Half-Hearted Loving

Half-Hearted Loving

The Faculty Lounge: Conversations about law, culture, and academia

Kevin Maillard, Associate Professor of Law
Syracuse University

Yesterday, June 12, marked the annual celebration of Loving Day.  This event commemorated the 1967 Supreme Court case of Loving v. Virginia, which invalidated the state’s Racial Integrity Act that prohibited interracial marriages.  Notably, Virginia’s law was only one of many state interracial bans.  In the mid-twentieth century, 30 states had some form of mixed marriage prohibition, all struck down by Loving in one fell swoop.  In this momentous decision, the Court paved the way for all Americans to determine their intimate associations without regard to race.

More than forty years later, interracial intimacy—dating, cohabitation, and marriage—continues to go against the norm, rather than be a part of it. The 2010 Census reports that less than eight percent of all marriages are between people of different races, with slightly higher rates for cohabitating couples.  Multiracial people remain a very small part of the national population, just under three percent in 2010…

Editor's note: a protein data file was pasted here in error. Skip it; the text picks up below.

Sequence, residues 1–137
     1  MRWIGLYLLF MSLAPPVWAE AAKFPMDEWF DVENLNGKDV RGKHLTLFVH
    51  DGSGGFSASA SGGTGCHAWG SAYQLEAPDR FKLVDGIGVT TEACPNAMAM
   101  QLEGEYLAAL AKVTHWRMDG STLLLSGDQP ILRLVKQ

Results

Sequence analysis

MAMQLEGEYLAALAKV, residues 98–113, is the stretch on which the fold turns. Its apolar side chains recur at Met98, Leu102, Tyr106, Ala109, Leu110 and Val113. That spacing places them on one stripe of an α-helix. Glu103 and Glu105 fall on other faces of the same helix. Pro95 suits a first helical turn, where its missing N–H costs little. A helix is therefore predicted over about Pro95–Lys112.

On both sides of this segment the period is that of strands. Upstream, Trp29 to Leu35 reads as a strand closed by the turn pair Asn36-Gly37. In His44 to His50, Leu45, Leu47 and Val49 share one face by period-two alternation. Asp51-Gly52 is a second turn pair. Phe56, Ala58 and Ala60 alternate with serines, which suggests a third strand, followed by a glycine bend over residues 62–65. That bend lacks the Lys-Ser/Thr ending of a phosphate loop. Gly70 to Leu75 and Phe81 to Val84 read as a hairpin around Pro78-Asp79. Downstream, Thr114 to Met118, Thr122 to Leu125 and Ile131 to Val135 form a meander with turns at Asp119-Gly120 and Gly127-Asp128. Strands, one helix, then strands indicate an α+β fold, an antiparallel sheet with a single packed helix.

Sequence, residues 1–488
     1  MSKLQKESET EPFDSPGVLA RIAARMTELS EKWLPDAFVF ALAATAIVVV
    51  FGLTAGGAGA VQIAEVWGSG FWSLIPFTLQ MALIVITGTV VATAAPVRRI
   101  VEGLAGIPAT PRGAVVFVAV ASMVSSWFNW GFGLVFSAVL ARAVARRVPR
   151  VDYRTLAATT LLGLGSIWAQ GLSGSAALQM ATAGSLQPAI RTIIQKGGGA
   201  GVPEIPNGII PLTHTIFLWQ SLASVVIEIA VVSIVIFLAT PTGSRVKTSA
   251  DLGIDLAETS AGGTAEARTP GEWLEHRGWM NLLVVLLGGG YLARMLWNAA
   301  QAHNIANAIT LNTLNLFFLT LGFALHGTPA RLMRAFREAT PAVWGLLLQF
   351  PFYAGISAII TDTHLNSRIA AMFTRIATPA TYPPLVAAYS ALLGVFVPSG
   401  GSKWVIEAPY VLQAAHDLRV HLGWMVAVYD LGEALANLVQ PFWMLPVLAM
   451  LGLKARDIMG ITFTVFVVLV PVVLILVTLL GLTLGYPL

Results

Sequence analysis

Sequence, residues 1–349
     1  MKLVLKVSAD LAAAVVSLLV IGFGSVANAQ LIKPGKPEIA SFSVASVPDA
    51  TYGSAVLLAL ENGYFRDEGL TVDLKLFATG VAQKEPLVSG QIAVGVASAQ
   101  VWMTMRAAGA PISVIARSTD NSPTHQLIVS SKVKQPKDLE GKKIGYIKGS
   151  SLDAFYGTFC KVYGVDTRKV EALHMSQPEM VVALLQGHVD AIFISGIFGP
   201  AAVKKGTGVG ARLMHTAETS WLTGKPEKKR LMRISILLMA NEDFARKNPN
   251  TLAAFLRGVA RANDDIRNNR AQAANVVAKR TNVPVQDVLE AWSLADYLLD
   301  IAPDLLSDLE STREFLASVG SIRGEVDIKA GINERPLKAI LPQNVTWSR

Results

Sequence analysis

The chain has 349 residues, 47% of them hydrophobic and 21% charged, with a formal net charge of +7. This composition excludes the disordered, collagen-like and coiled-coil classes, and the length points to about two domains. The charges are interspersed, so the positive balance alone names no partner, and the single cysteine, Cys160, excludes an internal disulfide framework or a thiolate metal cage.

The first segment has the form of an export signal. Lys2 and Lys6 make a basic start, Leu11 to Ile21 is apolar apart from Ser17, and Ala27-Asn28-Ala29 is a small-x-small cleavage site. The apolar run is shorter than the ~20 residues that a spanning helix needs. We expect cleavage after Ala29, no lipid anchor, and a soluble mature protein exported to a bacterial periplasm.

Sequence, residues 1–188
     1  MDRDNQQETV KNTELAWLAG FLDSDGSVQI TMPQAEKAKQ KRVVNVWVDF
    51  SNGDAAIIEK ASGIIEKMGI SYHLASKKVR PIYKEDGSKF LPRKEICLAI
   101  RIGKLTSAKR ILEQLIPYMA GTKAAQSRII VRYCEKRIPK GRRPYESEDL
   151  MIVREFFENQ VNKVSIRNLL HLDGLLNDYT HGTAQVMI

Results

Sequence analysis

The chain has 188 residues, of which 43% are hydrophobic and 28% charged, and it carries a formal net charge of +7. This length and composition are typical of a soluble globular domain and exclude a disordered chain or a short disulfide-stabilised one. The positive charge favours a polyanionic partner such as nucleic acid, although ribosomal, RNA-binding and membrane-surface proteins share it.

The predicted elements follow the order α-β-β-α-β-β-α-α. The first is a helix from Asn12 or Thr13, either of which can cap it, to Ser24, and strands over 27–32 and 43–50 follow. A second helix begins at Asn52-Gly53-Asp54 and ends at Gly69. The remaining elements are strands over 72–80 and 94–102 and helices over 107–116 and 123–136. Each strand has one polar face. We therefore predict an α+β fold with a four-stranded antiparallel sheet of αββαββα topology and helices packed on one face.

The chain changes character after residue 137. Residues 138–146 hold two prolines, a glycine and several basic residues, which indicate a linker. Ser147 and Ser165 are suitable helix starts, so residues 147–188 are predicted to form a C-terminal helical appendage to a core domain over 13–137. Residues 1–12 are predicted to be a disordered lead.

…However, the Loving case was not the Moses that parted the racial sea, ushering in multihued phalanxes of diversity. In a modern world where people are free to make their own choices, partner selection has not changed much.   Of course, a single case like Loving is not going to convert every American into the Temple of Miscegeny, and mandate interracial kumbayahs for everyone of dating age.  In the same way that the legalization of gay marriage would not unearth a wellspring of same-sex desire, a change in law does not automatically transform personal preferences…

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